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Customer Review

TOP 500 REVIEWERVINE VOICEon 27 March 2013
Raif Sevrance is in possession of the sword known as Loss. Unfortunately, he is also the 'guest' of a renegade group of Sull, who are determined to use him and his abilities for their own ends. Elsewhere, Ash March finds herself in the heart of Sull territory, knowing she will find in them her greatest allies...or her greatest danger. War continues to rage in the clanholds, with the armies of Blackhail, Bludd and Dhoone converging as Gandmiddich for a climactic showdown. In Spire Vanis the new surlord struggles to hold onto power, and in the wilds the ranger Angus Lok relentless hunts down a wily enemy.

Watcher of the Dead brings the Sword of Shadows series to its fourth - and hopefully penultimate (though Jones has hinted that the series may expand to six volumes) - instalment. It's a slightly slimmer novel than its forebears, being a clear 100 pages shorter than the third volume, and benefits from a tighter focus on the core storylines. Raif and Ash get a fair bit of attention, whilst Angus Lok returns to the fore after spending most of the third book missing. Effie's storyline also moves forward more satisfyingly, with her relevance to the main storyline becoming clearer. The Dog Lord and Raina Blackhail also benefit from contrasting storylines in which both seek to consolidate (or re-consolidate, in Vaylo Bludd's case) their authority in the face of opposition.

There are some drawbacks to this. The tightened focus mean there's no time or room for Crope and Baralis, who simply fail to appear. Also, a tight focus on a large cast in a more constrained page count means a relative lack of major progression in any one arc. So Effie spends most of the book in a roundhouse in a swamp and then takes a short trip in a boat (although a hugely important one). Raif spends almost the entire book as a prisoner of the Sull. Ash, having set out to reach the Sull Heart Fires at the start of Book 2, finally gets there halfway through Book 4 and has a couple of conversations (and the revelation of a 'major' plot twist which is tiresomely predictable, the first disappointing plot turn in the series to date). Important things happen in these chapters, but there is definitely a contrast to the very busy and forwards-moving first volume in the series.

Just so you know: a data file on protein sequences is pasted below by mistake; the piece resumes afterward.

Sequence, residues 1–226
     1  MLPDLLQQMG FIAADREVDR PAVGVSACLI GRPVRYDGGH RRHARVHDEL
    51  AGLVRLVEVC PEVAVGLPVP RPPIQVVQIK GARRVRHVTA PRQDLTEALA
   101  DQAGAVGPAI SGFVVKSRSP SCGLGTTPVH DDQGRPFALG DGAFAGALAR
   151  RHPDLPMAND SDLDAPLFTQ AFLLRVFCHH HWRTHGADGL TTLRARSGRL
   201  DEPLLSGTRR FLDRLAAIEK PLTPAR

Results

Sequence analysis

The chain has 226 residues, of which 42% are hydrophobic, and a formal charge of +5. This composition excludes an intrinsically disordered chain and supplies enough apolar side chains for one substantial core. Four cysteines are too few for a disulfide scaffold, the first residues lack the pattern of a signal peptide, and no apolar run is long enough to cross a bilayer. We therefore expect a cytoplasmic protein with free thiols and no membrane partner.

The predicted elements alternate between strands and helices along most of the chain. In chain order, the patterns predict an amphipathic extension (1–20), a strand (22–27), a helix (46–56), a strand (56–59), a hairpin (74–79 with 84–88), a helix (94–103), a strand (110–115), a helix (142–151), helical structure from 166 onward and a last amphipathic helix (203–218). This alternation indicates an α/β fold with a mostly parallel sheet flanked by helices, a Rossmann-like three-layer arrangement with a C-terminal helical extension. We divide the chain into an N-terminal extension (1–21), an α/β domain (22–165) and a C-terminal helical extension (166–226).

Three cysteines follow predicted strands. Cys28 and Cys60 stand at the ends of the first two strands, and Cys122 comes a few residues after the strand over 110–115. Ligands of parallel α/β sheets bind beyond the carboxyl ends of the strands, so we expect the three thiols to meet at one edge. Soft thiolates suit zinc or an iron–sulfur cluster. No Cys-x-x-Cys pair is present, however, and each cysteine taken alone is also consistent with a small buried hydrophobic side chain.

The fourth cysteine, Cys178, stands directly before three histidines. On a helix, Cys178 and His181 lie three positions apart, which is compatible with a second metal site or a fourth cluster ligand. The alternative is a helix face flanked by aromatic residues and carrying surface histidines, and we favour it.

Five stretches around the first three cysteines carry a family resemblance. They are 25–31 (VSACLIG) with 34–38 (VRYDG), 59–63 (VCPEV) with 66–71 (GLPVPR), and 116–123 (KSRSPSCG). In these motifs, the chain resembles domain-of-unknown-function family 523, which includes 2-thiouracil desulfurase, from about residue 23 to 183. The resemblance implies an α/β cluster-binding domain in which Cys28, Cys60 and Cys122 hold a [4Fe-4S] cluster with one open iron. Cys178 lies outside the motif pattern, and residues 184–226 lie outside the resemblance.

Still, the series has never been action-packed and fast-moving, and Jones does give us some good battles. Raina Blackhail's storyline in fact is particularly strong, aided by the arrival of an intriguing new character, and Angus Lok's revenge storyline is extremely tense. Best of all is Raif's character arc. Back in Book 1 he was the very embodiment of the 'callow youth saves the world' trope, but by the end of this volume he is a severely traumatised, battle-hardened warrior desperately searching for himself. The subversion of the traditional fantasy hero's journey is very well-done.

Watcher of the Dead (****) benefits in some ways from a (slightly) shorter page count and tightened focus, but it also suffers from it, with a lack of plot progression in some storylines and some characters simply not showing up. The benefits to characterisation are clear and there are clear signs of the scattered characters starting to come together, but we're not on the home straight yet. The novel is available now in the UK and USA. The fifth volume, Endlords, is apparently still forthcoming but there has not been a firm update on its status from the author in more than two years.
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